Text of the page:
Zika Virus Continues to Spread in Miami Area

     (CN) — Two new cases of locally acquired Zika infections were reported in Miami-Dade County, the Florida Department of Health confirmed Monday.
     The total of number of local transmissions of the virus is now 30. No other state has reported cases of Zika contracted domestically from a mosquito bite.
     The state’s health department is reviewing four areas in Miami-Dade and Palm Beach counties where local transmissions of Zika possibly occurred, Florida Gov. Rick Scott said in a press release.
     “I have stayed in constant communication with Mayor Carlos Gimenez of Miami-Dade County to ensure the county has all of the resources they need. The Department of Health has been fulfilling requests for Miami-Dade County since June, and they are expediting the county’s additional request made on Friday for funding for additional staff and mosquito traps,” Scott said Monday.
     There have been 440 travel-related Zika infections in Florida, raising the total number of confirmed cases to 470. Of the reported cases, 59 infections involved pregnant women.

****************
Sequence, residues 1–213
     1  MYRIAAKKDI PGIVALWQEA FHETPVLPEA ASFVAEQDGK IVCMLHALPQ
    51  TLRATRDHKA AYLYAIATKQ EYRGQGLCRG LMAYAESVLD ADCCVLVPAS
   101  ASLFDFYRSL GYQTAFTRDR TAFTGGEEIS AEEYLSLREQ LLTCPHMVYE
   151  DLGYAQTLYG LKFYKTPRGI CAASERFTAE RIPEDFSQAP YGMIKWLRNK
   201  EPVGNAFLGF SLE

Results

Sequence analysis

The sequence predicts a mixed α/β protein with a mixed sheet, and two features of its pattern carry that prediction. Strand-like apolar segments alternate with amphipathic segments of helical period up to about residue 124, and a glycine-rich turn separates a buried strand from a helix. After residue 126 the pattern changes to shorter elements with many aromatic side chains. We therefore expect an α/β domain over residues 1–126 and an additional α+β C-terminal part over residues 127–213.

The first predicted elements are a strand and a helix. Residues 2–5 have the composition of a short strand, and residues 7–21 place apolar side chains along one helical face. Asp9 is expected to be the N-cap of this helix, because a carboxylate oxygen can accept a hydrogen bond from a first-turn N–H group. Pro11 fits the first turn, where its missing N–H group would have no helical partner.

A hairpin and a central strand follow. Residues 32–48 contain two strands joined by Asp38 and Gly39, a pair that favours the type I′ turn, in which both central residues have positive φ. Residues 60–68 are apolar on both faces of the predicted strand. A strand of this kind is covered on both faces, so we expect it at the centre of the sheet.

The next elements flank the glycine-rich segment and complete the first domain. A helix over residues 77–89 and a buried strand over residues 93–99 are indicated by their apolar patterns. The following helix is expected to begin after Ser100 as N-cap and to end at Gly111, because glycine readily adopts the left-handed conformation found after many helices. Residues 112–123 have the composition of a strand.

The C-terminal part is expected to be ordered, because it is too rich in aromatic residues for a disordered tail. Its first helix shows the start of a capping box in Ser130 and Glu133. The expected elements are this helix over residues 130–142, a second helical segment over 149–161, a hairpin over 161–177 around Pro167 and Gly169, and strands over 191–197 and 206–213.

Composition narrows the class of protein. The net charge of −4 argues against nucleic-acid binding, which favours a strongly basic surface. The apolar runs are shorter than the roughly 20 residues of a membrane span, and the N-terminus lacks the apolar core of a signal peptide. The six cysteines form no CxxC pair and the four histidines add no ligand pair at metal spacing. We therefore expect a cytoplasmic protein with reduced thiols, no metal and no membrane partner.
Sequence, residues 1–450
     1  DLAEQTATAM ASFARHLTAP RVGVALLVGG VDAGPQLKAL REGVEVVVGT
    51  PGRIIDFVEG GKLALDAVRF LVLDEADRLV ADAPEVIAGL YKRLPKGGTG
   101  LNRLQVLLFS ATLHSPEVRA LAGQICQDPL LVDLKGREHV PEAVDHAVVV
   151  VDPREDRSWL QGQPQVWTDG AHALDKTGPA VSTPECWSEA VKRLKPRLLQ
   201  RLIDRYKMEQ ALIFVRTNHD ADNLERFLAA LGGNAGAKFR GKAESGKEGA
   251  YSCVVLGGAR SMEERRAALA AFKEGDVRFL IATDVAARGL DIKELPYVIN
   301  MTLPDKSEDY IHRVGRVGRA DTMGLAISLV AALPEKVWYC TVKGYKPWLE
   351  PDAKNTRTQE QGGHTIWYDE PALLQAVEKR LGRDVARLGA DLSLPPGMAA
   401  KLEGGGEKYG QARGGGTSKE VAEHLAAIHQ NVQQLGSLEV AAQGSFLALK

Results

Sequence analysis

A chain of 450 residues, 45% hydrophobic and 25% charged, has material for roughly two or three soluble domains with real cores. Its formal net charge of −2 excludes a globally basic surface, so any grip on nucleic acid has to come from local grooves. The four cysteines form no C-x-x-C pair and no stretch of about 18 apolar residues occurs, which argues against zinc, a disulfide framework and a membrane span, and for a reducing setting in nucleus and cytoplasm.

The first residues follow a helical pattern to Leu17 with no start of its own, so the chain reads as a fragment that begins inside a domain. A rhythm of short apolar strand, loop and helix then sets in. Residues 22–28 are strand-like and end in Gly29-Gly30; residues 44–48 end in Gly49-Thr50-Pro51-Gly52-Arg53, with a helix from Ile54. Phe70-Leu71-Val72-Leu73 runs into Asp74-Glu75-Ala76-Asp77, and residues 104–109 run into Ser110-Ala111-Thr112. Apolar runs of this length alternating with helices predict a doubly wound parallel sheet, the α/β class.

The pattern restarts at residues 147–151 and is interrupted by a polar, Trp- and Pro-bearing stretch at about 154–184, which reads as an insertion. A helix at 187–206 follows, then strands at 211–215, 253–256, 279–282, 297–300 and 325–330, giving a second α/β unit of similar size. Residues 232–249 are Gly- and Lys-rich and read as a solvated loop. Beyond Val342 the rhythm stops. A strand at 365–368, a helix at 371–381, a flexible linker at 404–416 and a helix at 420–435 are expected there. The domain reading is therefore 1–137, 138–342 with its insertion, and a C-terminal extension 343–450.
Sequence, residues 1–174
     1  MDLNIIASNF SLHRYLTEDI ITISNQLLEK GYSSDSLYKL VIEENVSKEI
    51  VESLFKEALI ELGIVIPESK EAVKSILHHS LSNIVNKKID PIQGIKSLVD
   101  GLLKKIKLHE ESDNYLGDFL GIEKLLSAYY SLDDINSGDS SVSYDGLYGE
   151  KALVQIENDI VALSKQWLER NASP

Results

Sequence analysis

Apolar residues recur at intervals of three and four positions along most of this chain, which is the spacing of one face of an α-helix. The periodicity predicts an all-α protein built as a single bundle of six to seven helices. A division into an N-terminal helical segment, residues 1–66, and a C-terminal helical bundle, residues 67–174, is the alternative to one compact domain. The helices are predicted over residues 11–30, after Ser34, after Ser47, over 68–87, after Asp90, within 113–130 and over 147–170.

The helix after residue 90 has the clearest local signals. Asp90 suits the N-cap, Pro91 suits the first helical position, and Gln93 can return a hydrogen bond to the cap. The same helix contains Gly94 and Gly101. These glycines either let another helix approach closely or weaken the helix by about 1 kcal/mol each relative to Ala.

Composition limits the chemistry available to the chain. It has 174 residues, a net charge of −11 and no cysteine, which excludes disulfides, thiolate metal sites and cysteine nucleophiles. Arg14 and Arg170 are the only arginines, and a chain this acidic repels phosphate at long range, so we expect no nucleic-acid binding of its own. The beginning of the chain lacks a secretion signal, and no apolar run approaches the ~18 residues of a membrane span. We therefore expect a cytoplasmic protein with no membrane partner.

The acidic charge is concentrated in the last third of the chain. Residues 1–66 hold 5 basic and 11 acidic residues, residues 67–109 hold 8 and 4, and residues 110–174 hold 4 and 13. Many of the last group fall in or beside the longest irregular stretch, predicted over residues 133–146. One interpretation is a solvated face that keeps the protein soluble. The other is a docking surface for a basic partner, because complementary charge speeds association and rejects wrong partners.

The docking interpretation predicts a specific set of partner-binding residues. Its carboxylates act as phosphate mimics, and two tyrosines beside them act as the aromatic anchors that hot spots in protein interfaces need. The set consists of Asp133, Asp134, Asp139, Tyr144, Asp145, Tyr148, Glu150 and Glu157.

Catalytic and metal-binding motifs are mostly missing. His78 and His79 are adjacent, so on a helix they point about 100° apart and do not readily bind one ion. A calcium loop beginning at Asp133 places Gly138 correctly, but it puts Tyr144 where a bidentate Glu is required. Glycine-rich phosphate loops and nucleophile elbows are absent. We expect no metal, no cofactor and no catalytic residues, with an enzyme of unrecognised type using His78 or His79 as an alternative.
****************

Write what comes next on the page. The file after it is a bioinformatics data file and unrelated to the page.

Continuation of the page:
Despite the uncertainty of where the infections transpired, the state health department still believes the active transmissions are only occurring within less than a one-square-mile area of Wynwood, a neighborhood in Miami.
     The Florida Department of Agriculture and Consumer Services has tested more than 25,000 mosquitoes in the state for Zika. None of the mosquitoes tested positive for the virus, officials said.
     The health department closed out the investigations into the first cases in Miami-Dade and Broward counties that were announced on July 29. The department tested 124 close contacts and individuals within from the community and found no additional Zika infections.
     The U.S. Centers for Disease Control and Prevention recommends that women who are pregnant or wish to become pregnant avoid or postpone travel to areas with widespread active transmission.
     The Zika virus is particularly dangerous for women due to Zika’s connection to microcephaly and other congenital disorders. Microcephaly leads to babies having abnormally small heads and may cause brain damage.
     The CDC does not consider Florida’s limited case cluster as a widespread transmission. However, Texas health officials said Monday that a Texas resident caught the Zika virus while traveling in Flordia and brought it home.
To date, all of Texas’ Zika cases have been people who traveled to affected regions, although state officials said they’re “on alert for the possibility of local transmission.”

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